Tuesday, May 28, 2013
NYC launches bike share program, largest in nation
"The privately funded Citi Bike bike-share program will launch with 6,000 bikes at 330 docking stations in Manhattan and parts of Brooklyn. Officials hope to expand to 10,000 bikes and 600 docking stations in Manhattan, Brooklyn and Queens. Riders now can unlock the three-gear, cruising-style bikes from any station, take them for 45-minute rides and return them to any rack." - AP
That's huge, it will be a great help not only for the people living in those communities but it will also be great for the tourists visiting those areas.
"The nation's biggest bicycle-sharing program got rolling Monday, as thousands of New Yorkers got their first chance to ride a network billed as a new form of public transit in a city known for it.
Suraf Asgedom pedaled along a lower Manhattan street on one of the royal-blue, quick-rental bikes, headed for a gourmet supermarket that's usually a 25-minute walk from his apartment. The medical executive doesn't own a bicycle because it's a hassle to haul one downstairs, find a place to lock it up on the street and worry about it, he said."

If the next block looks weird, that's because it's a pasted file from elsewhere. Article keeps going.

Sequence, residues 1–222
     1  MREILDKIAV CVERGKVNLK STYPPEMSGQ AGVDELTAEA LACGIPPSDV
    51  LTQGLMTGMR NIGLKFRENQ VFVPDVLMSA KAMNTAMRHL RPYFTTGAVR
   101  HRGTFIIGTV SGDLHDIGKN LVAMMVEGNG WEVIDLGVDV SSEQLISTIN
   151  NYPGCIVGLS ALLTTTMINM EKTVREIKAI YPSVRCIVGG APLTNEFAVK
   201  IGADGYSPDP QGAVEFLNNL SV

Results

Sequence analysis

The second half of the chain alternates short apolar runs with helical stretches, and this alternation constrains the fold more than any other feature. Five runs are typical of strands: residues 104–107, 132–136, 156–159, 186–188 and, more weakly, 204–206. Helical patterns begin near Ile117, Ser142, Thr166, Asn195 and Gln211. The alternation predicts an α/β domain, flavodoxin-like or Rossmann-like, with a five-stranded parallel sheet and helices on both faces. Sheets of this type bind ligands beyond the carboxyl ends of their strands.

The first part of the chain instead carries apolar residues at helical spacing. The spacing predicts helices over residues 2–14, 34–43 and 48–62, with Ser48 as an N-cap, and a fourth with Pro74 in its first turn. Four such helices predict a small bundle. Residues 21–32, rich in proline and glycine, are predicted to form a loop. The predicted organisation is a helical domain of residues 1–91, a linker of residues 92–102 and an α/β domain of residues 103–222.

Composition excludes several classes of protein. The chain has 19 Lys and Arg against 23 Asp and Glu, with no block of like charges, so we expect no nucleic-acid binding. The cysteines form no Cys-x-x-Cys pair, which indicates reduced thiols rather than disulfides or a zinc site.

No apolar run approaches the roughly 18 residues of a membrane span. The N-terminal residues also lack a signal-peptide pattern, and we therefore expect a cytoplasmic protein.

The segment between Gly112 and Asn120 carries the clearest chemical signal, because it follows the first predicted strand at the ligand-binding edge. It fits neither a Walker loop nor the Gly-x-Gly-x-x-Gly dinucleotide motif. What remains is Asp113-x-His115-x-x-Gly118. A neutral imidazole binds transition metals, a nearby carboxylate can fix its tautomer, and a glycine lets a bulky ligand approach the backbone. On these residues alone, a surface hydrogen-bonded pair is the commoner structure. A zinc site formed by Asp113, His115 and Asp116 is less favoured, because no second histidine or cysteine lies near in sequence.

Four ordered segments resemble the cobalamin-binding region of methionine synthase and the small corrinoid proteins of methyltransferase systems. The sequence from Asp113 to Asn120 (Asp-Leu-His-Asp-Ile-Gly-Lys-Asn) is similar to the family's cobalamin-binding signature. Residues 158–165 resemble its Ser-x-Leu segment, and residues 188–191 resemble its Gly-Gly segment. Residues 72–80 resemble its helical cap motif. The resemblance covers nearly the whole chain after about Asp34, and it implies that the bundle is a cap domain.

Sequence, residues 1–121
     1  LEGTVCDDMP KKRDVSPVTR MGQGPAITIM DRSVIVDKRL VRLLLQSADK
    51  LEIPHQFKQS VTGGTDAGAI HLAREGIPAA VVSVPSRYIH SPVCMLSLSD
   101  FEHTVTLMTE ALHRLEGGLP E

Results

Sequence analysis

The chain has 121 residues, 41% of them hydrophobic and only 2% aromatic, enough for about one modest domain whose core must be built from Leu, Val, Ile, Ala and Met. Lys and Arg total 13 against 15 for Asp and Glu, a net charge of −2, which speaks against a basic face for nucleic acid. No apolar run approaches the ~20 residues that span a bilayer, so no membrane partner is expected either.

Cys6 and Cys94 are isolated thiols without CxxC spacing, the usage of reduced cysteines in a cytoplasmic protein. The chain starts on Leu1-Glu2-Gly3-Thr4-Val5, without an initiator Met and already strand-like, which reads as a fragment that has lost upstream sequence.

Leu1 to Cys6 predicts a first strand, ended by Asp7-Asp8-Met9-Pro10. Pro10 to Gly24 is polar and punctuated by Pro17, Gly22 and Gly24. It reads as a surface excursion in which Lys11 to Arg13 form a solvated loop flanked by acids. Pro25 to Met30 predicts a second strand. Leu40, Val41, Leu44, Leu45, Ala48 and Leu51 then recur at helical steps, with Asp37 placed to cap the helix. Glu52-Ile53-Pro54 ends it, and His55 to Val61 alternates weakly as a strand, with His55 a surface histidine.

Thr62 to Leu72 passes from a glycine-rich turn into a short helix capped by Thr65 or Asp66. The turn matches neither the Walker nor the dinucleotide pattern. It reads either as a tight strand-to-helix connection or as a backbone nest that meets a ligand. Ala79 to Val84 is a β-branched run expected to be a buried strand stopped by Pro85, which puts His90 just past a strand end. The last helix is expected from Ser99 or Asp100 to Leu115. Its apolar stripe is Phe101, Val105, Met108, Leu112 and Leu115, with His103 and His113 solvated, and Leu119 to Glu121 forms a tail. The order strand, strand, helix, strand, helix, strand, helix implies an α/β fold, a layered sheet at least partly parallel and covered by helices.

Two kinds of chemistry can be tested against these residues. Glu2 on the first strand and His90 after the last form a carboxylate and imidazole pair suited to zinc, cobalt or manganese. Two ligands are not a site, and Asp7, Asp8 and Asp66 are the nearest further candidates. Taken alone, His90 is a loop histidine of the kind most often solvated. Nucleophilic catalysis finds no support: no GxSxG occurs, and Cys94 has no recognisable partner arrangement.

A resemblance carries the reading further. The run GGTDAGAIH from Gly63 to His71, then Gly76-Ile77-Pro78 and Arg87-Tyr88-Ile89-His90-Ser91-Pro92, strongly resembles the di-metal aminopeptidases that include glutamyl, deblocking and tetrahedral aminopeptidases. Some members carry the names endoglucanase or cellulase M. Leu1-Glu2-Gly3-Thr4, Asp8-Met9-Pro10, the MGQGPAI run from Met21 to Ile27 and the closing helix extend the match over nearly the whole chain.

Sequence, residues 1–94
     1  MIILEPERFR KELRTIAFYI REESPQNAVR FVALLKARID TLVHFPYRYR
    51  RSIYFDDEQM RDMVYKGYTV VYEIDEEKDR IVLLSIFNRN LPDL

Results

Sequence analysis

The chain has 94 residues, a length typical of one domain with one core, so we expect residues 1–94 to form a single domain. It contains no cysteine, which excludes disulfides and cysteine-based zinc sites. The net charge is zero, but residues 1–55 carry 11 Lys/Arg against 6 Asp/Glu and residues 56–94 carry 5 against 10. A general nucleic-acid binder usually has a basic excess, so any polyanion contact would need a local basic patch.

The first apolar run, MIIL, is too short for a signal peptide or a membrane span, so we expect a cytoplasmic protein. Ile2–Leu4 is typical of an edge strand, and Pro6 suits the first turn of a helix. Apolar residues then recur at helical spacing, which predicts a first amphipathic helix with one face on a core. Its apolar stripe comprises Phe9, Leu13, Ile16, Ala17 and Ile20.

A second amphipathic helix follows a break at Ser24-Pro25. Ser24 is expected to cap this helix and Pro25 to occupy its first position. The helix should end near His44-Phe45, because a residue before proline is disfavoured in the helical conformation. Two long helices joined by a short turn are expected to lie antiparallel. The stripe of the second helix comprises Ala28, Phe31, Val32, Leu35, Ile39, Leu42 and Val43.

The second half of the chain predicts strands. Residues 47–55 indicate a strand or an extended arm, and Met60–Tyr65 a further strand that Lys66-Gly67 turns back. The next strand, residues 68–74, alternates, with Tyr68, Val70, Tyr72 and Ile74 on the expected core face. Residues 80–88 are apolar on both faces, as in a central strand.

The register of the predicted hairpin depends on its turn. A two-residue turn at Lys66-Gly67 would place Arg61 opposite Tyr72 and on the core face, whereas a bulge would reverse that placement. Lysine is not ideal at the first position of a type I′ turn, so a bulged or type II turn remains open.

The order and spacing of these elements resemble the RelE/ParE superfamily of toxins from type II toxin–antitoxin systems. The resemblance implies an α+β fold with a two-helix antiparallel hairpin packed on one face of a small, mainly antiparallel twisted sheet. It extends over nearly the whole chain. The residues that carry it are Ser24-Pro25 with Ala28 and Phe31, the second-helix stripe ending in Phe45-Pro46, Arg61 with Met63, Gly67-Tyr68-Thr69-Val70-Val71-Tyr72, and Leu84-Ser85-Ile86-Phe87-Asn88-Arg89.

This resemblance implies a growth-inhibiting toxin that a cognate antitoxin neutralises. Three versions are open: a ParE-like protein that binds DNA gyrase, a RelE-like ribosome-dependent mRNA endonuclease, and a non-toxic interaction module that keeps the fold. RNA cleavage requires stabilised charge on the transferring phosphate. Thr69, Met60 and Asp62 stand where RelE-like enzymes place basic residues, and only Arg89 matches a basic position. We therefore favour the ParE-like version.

Hell no! Suraf would rather walk for 25 minutes than to haul his own bike from his apartment down to the streets! I really can't see his logic, he should just said that I'm a "cheapskate" and I don't want to buy a bike.
"Some residents are incensed about the bike stations, saying the racks block entrances to their buildings or take up park space for a profit-making program. The city intends to split any proceeds with NYC Bike Share LLC, a company running the program. Citigroup is paying $41 million to sponsor it. MasterCard is paying an additional $6.5 million.
"We're not against the bikes — we're against them in our park," said Lora Tenenbaum, one of the sign-carrying critics who came to Bloomberg's news conference. They want a bike station in Petrosino Square, a small park, to be shifted to a sidewalk across the street.
Some racks have been shortened or moved, including one in front of a Greenwich Village apartment house where owners sued the city over it. Some of the rack was removed last week to create a gap in front of the main door.
Still, resident Deborah Stone worries that the remaining bike rack could make it difficult for emergency vehicles to pull over near the building."
Some people will never be satisfied....